58. A method for use in a system for horizontal directional drilling in which a drill rig advances a boring tool through the ground using a drill string that extends from the drill rig to the boring tool, said method comprising:
rolling a planning tool in an outbound direction from a start position to an end position while reading an accelerometer output of an accelerometer that forms part of the planning tool to characterize a pitch orientation thereof as part of collecting an outbound set of data, the accelerometer output subject to a pitch orientation measurement error resulting from a fixed measurement bias of the accelerometer; and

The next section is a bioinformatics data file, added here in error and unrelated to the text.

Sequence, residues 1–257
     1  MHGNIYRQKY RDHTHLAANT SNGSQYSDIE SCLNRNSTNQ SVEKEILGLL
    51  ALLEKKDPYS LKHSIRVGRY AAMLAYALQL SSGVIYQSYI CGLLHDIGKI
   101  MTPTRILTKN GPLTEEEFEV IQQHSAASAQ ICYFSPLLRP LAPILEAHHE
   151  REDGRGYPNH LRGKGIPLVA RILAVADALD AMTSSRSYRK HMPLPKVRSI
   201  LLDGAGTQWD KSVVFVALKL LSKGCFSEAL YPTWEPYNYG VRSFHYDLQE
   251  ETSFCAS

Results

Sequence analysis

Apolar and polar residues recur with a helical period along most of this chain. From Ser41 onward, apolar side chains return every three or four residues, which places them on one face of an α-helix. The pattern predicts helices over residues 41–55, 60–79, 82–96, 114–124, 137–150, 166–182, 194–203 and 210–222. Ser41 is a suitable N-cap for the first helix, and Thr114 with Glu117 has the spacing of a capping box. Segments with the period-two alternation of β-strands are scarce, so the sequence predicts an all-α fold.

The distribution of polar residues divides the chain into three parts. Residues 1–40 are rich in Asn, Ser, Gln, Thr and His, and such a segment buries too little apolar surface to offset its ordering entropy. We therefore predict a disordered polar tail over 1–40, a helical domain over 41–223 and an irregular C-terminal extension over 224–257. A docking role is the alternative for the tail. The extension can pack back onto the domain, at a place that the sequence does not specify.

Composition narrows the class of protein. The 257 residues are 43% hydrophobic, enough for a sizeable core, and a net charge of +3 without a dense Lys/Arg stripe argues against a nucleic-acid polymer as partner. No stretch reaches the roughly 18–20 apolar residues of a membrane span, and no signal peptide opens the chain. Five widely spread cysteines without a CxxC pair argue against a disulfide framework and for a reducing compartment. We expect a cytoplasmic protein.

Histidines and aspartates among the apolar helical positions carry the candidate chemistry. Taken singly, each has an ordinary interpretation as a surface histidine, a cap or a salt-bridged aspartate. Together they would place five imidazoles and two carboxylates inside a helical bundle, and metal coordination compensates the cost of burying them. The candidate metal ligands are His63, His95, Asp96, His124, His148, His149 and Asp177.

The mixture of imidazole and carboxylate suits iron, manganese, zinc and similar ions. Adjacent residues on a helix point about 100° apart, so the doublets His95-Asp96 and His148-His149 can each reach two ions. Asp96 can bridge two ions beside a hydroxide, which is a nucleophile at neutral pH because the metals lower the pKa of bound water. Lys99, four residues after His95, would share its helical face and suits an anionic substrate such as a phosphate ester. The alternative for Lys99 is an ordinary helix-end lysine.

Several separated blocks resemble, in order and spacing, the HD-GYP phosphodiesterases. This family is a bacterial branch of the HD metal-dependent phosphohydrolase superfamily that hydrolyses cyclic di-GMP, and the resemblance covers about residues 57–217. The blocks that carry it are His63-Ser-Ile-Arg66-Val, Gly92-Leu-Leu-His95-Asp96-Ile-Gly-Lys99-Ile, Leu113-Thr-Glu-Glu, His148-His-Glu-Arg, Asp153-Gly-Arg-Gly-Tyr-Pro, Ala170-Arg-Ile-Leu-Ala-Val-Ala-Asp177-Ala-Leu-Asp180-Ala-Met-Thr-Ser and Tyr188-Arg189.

rolling the planning tool in an inbound direction from the end position to the start position in a reverse direction while reading the accelerometer output to characterize the pitch orientation thereof to collect an inbound set of data with the accelerometer output subject to said pitch orientation measurement error due to the fixed measurement bias for combining the outbound set of data with the inbound set of data in a way that cancels the fixed measurement bias while generating a surface contour between the start position and the end position.
59. A planning tool as part of a system for horizontal directional drilling in which a drill rig advances a boring tool through the ground using a drill string that extends from the drill rig to the boring tool, said planning tool comprising:
a primary wheel having a primary wheel diameter for rotation about a primary wheel axis for rolling on a surface of the ground along a path responsive to movement by an operator;